HAPPY: Why do you like to start your artworks through graphic editing before painting them?
MYLES: I’m lazy. Have you ever sketched 30 designs for a single work and none of them are quite right? You have to transfer the best of the sketches onto the large canvas, which, again is never as good as your study. Ask any painter, it’s very common! I opted for making the perfect study, and then projecting that onto my canvas. From here I then change all the elements I wish. Us young ones have had our attention spans robbed from us.
I take photos and use them as a reference, as well as source images from the world. I can use any colour imaginable, cut twist, distort images, CTRL + Z is pretty special. I make a few versions of my works before I paint them. I can do it anywhere and make no mess which is a plus. Like right now. I’m in Germany listening to Enya and eating Nutella whilst drinking tea in a lovely living room. I’ve been designing works for a future show. However, I add a huge human element to my works when I turn them into paintings. I add things that didn’t exist in the original digital ‘sketch’ and the painting becomes much more accessible if I only use the sketch for colour and form reference.
HAPPY: What creative process do you go through when beginning an artwork?
MYLES: I trawl through my memories, my bank of notes and thoughts, old images I’ve taken, things that are in front of me, the internet, famous art collections and more until I find images that have the power to provoke thought. There are often up to ten or more images and layers of work that create a single painting. I often start by deciding on a background colour scheme. The background sets the tone for the work. I often know about 50% of what I want to say before I begin.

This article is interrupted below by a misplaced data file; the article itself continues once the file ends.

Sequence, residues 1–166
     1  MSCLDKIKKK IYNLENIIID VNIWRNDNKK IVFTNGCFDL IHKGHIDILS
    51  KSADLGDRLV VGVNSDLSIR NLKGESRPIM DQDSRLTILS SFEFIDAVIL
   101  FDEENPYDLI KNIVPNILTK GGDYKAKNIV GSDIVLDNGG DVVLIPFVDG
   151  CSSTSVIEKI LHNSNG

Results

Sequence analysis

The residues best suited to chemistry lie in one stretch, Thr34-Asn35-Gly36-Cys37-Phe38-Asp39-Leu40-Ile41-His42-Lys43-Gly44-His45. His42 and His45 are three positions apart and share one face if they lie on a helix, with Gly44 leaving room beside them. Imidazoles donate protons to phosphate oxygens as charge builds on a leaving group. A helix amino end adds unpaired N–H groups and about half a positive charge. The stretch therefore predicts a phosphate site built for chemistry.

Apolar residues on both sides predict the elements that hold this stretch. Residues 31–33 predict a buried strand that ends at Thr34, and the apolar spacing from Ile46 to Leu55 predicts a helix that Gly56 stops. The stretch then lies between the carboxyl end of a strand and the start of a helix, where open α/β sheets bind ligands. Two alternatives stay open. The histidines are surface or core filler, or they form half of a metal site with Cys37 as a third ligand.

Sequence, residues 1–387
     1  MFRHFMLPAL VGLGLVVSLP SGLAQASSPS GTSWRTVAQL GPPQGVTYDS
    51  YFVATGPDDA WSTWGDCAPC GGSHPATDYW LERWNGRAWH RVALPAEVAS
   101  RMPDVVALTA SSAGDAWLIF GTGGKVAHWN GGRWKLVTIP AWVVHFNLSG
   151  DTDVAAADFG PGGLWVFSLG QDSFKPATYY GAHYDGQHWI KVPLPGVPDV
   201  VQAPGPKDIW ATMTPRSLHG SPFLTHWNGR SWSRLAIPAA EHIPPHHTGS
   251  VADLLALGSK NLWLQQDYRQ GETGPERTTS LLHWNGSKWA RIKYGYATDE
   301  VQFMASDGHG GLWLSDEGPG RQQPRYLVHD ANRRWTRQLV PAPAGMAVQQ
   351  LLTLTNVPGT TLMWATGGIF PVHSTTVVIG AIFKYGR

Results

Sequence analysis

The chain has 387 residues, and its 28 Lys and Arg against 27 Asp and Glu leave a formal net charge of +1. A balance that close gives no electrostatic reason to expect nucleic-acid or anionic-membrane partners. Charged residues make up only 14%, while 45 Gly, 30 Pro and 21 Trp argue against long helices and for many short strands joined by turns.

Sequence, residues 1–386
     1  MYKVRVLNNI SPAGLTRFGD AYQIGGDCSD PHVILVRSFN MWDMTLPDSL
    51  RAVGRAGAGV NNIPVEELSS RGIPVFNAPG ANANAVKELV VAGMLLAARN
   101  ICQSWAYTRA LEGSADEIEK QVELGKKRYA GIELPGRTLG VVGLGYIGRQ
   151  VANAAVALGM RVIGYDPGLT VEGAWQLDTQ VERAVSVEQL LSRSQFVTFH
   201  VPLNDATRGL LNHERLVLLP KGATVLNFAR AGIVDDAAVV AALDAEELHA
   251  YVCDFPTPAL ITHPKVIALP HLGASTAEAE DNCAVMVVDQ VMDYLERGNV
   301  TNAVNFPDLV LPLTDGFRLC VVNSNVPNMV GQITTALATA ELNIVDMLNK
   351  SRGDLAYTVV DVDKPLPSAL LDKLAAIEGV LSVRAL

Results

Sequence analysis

The rest comes when I have an anchor point or an angle for an idea. Colour is a massive component that changes constantly through the design process. On top of the ten layers visible, there are often five that have been deleted in the graphic editing process, plus dozens of colour scheme changes. I often use colour schemes from life, small moments I see in the street, someone’s clothes, other paintings – anything. I try to make my works a complete synthesis of everything I have seen and know. That’s what makes painting so special.
HAPPY: Why do you like art?
MYLES: I like art because nobody can really explain why it’s good or bad or important or bullshit. Everyone just knows someone had the urge to spend their time and money on creating it. People appreciate that, but nobody knows why. I don’t know why I like art. I just know I can’t stop making it and there’s nothing else that can hold my attention.
HAPPY: How did you get into art?
MYLES: I love answering this question. To be honest, when I was in high school my mum made me do it. I hated the idea. Then it quickly dominated everything else I was doing. I found painting. I felt like I was cheating at school – I get marked well, I drink tea and listen to music in my final and most stressful years at private school? Sure. I applied that principle to life at eighteen when I graduated school, then it snowballed. I was accepted into the National Art School in Sydney which has an amazing reputation. When I began to study art history and learn about the intellectual and emotional side of art it helped me discover the power of creating something. From there it was all downhill and here I am spending all of my money on paint every week. Thanks Mum.
HAPPY: What’s up next for you?
MYLES: I’ll be designing my next show whilst I’m still living in Europe for the next two months. My next plan is to secure a gallery for the show I’m currently designing. When I get back to Australia I’m going to get the biggest studio I’ve had yet and paint like mad. I’ve had three solo shows in Sydney in the past year and a half, so I’ve taken some time away to design this new series.